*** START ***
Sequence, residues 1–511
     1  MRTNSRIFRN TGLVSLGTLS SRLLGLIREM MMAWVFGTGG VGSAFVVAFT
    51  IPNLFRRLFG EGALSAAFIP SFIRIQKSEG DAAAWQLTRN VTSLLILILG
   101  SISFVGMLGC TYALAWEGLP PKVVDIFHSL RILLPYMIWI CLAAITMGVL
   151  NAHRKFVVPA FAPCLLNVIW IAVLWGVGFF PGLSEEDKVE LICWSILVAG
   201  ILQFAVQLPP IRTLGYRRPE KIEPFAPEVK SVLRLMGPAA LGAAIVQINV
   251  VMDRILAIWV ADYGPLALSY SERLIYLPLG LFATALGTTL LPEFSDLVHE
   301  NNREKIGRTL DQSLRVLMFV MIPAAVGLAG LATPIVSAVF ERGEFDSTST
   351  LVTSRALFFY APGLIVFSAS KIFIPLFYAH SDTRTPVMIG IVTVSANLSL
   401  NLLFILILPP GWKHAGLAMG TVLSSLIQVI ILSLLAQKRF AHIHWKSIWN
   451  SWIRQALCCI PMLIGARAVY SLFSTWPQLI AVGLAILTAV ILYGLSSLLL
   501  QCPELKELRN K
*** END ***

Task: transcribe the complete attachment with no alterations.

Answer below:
Sequence, residues 1–511
     1  MRTNSRIFRN TGLVSLGTLS SRLLGLIREM MMAWVFGTGG VGSAFVVAFT
    51  IPNLFRRLFG EGALSAAFIP SFIRIQKSEG DAAAWQLTRN VTSLLILILG
   101  SISFVGMLGC TYALAWEGLP PKVVDIFHSL RILLPYMIWI CLAAITMGVL
   151  NAHRKFVVPA FAPCLLNVIW IAVLWGVGFF PGLSEEDKVE LICWSILVAG
   201  ILQFAVQLPP IRTLGYRRPE KIEPFAPEVK SVLRLMGPAA LGAAIVQINV
   251  VMDRILAIWV ADYGPLALSY SERLIYLPLG LFATALGTTL LPEFSDLVHE
   301  NNREKIGRTL DQSLRVLMFV MIPAAVGLAG LATPIVSAVF ERGEFDSTST
   351  LVTSRALFFY APGLIVFSAS KIFIPLFYAH SDTRTPVMIG IVTVSANLSL
   401  NLLFILILPP GWKHAGLAMG TVLSSLIQVI ILSLLAQKRF AHIHWKSIWN
   451  SWIRQALCCI PMLIGARAVY SLFSTWPQLI AVGLAILTAV ILYGLSSLLL
   501  QCPELKELRN K